ST. JOSEPH COUNTY (Nov. 20, 2014) – A judge ruled that the man convicted in the 1997 rape and murder of a Franklin College student is not competent to be executed.
Judge Jane Woodward Miller issued a stay that will spare Michael Dean Overstreet from execution, our media partners at the IndyStar report.
Overstreet was convicted in the 1997 murder of Kelly Eckart, 18, a Franklin College student who was driving home from her job at Walmart when she encountered Overstreet.
Her body was found in a wooded area in Brown County. DNA evidence linked Overstreet to the crime, and he was convicted in 2000.
Lawyers for Overstreet argued he is delusional and doesn’t understand the circumstances. The Attorney General’s Office argued that Overstreet does indeed have a mental illness but understands he would be executed because of his crime.
Both sides made their case during a four-day hearing in September. In 2007, the U.S. Supreme Court reaffirmed a ruling that death row inmates who are mentally ill can’t be put to death if they’re incapable of rationally understanding what execution means and why they’re being executed.
According to the Attorney General’s Office, this week’s ruling means Overstreet’s conviction and death sentence remain valid. The death sentence, however, cannot be carried out until and unless Overstreet becomes competent.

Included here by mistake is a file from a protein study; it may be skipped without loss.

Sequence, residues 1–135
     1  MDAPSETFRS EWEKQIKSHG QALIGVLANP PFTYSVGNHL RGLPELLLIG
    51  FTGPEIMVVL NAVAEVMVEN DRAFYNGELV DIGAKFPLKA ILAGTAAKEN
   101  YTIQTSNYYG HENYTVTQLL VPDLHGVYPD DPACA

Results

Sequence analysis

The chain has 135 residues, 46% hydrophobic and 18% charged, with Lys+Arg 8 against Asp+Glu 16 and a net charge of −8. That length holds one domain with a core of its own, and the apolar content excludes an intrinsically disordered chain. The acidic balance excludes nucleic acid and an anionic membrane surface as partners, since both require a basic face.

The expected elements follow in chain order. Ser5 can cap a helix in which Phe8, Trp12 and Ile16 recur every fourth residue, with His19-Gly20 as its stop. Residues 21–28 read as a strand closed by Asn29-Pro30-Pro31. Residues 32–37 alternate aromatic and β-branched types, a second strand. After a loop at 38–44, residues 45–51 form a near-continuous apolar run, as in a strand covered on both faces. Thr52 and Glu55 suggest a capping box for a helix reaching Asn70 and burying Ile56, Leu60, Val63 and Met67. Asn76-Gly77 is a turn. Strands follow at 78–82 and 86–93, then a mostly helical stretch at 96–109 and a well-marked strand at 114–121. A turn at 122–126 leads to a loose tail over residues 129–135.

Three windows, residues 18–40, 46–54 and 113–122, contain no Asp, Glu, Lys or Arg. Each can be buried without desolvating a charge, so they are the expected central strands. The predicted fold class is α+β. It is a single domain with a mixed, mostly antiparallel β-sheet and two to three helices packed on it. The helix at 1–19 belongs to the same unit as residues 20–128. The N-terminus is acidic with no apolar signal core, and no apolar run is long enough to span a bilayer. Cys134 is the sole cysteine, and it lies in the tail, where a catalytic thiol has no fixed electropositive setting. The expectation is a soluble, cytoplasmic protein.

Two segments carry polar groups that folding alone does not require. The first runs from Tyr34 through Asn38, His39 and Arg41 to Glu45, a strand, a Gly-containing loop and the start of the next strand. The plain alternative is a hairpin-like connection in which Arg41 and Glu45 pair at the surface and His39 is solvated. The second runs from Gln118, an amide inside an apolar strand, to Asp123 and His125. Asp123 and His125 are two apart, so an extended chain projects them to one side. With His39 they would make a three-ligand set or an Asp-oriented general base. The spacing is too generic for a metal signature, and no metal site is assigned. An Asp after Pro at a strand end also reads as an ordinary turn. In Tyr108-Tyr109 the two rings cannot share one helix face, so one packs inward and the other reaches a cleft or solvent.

Attorney General Greg Zoeller issued the following statement about the ruling:
“Our thoughts are with the family and friends of Kelly Eckart who have endured many years of uncertainty in our criminal justice system. We respect the appeals process that includes procedural safeguards for the defendant and the difficult decisions our judges face in this area of the law, but our focus will continue to be on honoring the victims of all such crimes.”
The Attorney General’s Office is reviewing the ruling and will make a decision about an appeal at a later date.
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